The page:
As seen in the Manchester Journal:
PERU — As frogs provided the background noise from a nearby pond, Sage Lalor stood with dozens of her fellow Burr and Burton Academy classmates and fellow environmentalists in a large human circle outside the building at the BBA Mountain Campus.
It was the closing ceremony of sorts for the day's events and Lalor wore a huge smile. Whether she was beaming at the turnout that celebrated Earth Day during a day-long summit or savoring the moment was hard to tell.
Lalor had planned and executed the event as part of her independent study, "Government, Policy and Climate Action," providing the opportunity for students to come to a learn about environmentalism and sustainability.
About 100 students attended — mostly from BBA with a handful from Long Trail School in Dorset.
After attending the summits throughout her high school career, she was the assistant leader a year ago and lead this year's event and she thinks it was a big success. "I think it really went well," Lalor said. "I'm really proud of everyone who has helped me and my teacher, Jillian Joyce, has helped me a lot with planning and she's been a good mentor. So I really have to give credit to her for helping me do what I've been doing."
She said the planning has been a year-long effort. "I kind of started reaching out to presenters last semester," Lalor said. "So I've been kind of working on it all year. But it really started picking up — all the planning — this semester. It's just been a big process."
The event featured workshops and a keynote address by a specialist in climate change, development and human rights.
Edward Cameron holds a PhD in social sciences, business and economics. Originally from Dublin, Ireland, he has worked on five continents. In addition to helping to write the Paris Agreement on climate change, Cameron has worked with the European Union, The World Bank, The World Resources Institute and Business for Social Responsibility. Today, he "designs climate strategies for companies and works with governments around the globe to shope public policies that drive the transition to a low-carbon, climate-resilient and inclusive world," according to a news release for the BBA summit. Today, Cameron makes his home in Manchester.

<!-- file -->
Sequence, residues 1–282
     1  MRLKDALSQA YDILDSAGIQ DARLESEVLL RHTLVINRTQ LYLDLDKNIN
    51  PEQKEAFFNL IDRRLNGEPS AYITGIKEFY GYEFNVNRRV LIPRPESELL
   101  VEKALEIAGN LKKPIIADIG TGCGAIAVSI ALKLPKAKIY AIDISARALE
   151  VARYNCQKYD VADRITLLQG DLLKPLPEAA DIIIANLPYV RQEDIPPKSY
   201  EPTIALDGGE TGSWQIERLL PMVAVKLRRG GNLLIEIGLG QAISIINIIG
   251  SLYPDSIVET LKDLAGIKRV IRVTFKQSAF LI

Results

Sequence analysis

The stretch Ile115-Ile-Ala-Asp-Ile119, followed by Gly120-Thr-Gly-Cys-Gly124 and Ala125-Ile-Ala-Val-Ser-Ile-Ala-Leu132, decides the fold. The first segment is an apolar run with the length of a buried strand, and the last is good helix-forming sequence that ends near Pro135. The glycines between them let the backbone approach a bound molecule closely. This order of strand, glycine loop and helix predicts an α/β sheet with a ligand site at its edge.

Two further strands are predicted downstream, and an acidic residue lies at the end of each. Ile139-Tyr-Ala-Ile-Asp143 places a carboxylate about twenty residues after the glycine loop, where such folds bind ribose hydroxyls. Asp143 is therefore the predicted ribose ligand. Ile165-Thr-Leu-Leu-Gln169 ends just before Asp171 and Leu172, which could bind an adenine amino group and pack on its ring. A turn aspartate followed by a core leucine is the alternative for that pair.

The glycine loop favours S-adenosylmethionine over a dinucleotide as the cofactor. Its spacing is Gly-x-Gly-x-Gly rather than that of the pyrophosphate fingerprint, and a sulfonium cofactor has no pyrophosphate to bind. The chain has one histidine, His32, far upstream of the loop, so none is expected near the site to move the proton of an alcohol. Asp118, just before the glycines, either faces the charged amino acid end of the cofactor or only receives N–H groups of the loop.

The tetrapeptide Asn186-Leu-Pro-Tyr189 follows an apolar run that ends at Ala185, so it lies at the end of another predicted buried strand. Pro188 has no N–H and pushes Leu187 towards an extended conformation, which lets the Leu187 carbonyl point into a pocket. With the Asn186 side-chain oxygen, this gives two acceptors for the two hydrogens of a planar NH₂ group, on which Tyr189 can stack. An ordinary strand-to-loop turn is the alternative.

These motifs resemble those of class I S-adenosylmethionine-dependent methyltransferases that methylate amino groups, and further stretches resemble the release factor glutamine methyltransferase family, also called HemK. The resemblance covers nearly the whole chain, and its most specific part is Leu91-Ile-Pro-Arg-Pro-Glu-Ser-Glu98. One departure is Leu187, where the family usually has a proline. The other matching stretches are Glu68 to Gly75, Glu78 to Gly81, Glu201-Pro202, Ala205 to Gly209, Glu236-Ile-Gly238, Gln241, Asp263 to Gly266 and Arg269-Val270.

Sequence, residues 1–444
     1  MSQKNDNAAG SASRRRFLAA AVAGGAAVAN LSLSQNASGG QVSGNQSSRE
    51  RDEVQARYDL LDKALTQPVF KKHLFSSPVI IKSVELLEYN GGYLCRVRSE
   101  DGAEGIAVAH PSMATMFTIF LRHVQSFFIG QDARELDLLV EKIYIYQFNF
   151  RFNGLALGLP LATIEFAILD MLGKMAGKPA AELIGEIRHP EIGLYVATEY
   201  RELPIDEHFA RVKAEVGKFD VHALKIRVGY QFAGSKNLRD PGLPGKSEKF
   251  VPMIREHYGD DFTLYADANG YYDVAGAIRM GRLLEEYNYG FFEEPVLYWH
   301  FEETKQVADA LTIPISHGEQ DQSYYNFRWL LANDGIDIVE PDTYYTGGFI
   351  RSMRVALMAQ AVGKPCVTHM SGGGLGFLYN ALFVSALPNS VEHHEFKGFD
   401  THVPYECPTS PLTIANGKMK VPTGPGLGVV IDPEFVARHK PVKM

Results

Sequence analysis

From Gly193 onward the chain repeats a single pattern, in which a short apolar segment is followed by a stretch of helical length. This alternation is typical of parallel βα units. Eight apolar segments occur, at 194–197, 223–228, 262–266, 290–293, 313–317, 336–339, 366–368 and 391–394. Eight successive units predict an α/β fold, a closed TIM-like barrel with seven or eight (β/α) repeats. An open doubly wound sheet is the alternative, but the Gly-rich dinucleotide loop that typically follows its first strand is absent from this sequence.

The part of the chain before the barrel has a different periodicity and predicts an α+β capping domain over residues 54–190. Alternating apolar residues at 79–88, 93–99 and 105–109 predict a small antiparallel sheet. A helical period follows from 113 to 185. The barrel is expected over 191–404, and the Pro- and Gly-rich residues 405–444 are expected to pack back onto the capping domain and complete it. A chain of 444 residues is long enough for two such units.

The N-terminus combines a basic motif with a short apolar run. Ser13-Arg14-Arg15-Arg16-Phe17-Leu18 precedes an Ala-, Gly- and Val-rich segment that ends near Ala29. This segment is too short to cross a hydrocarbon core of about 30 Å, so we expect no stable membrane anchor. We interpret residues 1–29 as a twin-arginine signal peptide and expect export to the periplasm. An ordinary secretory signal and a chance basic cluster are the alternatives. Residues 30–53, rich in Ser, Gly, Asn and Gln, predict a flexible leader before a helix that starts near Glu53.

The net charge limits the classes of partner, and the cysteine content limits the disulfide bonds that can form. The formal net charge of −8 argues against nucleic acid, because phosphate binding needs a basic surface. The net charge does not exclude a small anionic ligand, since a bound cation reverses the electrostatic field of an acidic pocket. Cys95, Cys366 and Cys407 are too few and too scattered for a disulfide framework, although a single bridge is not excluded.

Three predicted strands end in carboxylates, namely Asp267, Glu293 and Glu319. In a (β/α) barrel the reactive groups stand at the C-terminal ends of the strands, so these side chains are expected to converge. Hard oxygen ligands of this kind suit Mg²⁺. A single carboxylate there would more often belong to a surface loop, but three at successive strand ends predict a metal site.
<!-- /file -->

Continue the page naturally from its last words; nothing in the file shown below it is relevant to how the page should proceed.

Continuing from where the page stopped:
After the workshops, about a half dozen low, or no, emission vehicles were gathered at the front of The Mountain Campus building where students could sit in them, learn more about how they worked. While there was a Kia Soul hybrid, a couple of Toyota Prius, and a Chevy Volt, the stars were a pair of Tesla Model 3s.
One of those Teslas belonged to BBA Head of School Mark Tashjian, who said he bought the vehicle in November. With the T on the hood and trunk replaced with Bulldogs emblems and his "Go Dogs" license plate, Tashjian's Tesla won't be hard to pick out in a crowd.
As students inspected the cars, Tashjian showed off some of its features and explained why he chose to go with an all-electric vehicle over a hybrid. He said the Tesla gets more than 300 miles to a charge in warmer weather, but that drops to about 200 or so miles in cold weather, Tashjian said. He said the savings on gasoline is huge, pointing out that in October before he bought his Tesla, he bought 11 tanks of gas for his old car. "I haven't bought gas since," Tashjian said. "Rather than just talk about the environment, I thought I should be willing to invest my money."
Parked right next to the Tashjian's Tesla was a Chevy Volt owned by Rich Thompson-Tucker, associate director of advancement at BBA. Thompson-Tucker said the vehicle is an electric-gas hybrid that is designed to use the battery power first, and then switch over to the gasoline engine when necessary. Chevy's newest entry will go about 65 miles on a charge, before the 10-gallon gas tank kicks in.
Thompson-Tucker said that removes the concern about not having the range to get somewhere and back, or the need to find a charging station. It can be plugged in to a standard wall socket at home and charged over night to be ready to go again in the morning. With a total range of over 400 miles, the Volt is a not a vehicle that has to be left home for long trips. And while the Tesla never needs an oil change or coolent flush because it doesn't have an internal combustion engine to lubricate or cool, the Volt does. However, Thompson-Tucker has had to use the gasoline engine so little, he said one oil change a year covers it for him.
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